St. Paul Owes $1.8M Toward Forklift Death Settlement

    St. Paul Surplus Lines Insurance Co. is on the hook for $1.8 million, about half of the $3.5 million that fellow insurer Continental Casualty Co. paid out to cover a settlement with the family of a forklift operator killed in a workplace accident, a California federal judge ruled Tuesday.

  • September 18, 2014

    Foot Locker Seeks To Exit Customer Info Collection Row

    Foot Locker Inc. on Thursday urged a California federal judge to toss a putative class action accusing it of illegally collecting and storing customers’ personal information after in-store checkouts, saying the complaint only shows the retailer asked for, but did not record, the personal identification information.

  • September 18, 2014

    Calif. Gov. Vetoes Unemployment Discrimination Bill

    California Gov. Jerry Brown vetoed a state Assembly bill Wednesday aimed at preventing employers from discriminating against unemployed applicants, saying it could wind up interfering with the state's efforts to link unemployed job seekers with prospective employers.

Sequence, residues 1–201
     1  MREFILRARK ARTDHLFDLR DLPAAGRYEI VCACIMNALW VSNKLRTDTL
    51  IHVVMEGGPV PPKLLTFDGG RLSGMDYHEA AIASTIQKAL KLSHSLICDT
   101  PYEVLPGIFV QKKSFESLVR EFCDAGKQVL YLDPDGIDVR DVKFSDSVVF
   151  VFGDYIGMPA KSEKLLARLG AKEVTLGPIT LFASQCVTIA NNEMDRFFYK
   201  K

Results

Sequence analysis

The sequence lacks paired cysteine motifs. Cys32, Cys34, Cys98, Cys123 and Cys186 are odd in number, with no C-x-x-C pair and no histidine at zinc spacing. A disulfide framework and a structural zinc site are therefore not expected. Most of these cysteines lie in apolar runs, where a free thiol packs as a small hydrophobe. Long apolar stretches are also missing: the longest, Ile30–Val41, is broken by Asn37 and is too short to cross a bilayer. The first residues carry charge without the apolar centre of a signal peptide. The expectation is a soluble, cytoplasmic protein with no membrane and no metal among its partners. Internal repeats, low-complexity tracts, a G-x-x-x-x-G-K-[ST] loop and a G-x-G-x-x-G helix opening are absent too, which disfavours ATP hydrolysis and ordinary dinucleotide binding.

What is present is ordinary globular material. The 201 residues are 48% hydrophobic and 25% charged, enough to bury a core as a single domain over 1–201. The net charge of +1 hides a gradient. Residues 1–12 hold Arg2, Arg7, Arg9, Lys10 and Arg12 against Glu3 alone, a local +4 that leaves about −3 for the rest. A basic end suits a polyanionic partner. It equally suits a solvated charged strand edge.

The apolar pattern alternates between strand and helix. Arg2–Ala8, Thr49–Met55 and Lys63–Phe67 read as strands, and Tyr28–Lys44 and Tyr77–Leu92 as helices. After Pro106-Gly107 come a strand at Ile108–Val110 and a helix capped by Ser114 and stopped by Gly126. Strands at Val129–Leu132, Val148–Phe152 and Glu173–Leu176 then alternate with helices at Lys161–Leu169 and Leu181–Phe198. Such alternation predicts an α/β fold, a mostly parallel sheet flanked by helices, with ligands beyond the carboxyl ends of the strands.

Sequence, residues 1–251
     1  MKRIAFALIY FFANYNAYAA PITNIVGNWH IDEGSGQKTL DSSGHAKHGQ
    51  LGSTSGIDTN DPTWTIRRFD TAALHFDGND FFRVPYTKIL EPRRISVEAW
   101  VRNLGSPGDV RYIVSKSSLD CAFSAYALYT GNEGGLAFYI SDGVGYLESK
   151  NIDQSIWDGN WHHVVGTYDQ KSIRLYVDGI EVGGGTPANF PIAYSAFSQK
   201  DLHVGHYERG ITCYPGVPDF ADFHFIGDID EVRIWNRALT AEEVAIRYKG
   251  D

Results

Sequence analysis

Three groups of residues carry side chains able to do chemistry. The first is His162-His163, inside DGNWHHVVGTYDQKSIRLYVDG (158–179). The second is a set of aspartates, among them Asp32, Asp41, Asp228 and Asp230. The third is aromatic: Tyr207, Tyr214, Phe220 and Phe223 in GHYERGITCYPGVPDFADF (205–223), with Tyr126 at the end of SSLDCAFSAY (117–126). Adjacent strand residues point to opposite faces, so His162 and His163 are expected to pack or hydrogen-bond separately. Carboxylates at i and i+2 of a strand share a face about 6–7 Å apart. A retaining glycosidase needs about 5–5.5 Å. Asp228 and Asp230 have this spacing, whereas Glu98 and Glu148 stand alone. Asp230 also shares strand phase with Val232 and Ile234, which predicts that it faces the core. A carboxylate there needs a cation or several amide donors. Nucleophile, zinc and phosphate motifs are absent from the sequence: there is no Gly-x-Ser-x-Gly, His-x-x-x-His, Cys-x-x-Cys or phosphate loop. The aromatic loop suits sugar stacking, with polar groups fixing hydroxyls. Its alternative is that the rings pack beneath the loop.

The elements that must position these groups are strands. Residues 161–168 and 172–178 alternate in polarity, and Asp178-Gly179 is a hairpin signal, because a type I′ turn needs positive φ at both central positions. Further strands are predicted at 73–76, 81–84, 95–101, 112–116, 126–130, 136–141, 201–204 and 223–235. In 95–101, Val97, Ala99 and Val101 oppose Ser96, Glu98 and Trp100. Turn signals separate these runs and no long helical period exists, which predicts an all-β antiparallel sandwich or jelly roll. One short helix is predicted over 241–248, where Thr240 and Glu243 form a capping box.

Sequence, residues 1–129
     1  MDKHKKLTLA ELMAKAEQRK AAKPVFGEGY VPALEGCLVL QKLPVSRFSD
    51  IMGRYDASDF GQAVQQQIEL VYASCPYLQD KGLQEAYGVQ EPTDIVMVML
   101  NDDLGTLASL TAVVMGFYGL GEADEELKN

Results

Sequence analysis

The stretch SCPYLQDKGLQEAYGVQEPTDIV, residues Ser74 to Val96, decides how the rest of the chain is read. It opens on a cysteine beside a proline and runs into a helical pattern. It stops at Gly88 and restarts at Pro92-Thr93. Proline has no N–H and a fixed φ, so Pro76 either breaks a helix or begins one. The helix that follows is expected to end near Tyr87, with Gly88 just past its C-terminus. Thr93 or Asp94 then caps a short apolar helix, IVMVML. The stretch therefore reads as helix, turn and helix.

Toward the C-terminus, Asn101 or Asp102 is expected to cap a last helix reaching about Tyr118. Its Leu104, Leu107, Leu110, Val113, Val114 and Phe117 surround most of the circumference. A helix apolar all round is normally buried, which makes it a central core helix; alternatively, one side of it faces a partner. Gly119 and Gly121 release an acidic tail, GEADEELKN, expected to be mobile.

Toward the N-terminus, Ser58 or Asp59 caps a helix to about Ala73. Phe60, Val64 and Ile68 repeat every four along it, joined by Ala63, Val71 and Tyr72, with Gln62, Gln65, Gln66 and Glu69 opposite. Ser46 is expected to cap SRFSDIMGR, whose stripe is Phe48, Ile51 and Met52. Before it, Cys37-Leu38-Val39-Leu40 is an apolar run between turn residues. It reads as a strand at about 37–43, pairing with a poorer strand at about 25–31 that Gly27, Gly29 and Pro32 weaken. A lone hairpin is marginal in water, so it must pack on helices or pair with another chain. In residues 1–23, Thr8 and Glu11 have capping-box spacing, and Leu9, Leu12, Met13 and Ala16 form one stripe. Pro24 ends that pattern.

• September 18, 2014

    HP Says Ex-Autonomy Exec Can't Block Deal Over $11B Buy

    Hewlett-Packard Co. urged a judge Wednesday to prevent the blockade of a settlement in which HP and its shareholders would ally to place blame for HP's disastrous $11.1 billion Autonomy Corp. buy on Autonomy executives, saying the former chief financial officer behind the challenge is irrelevant to the settlement.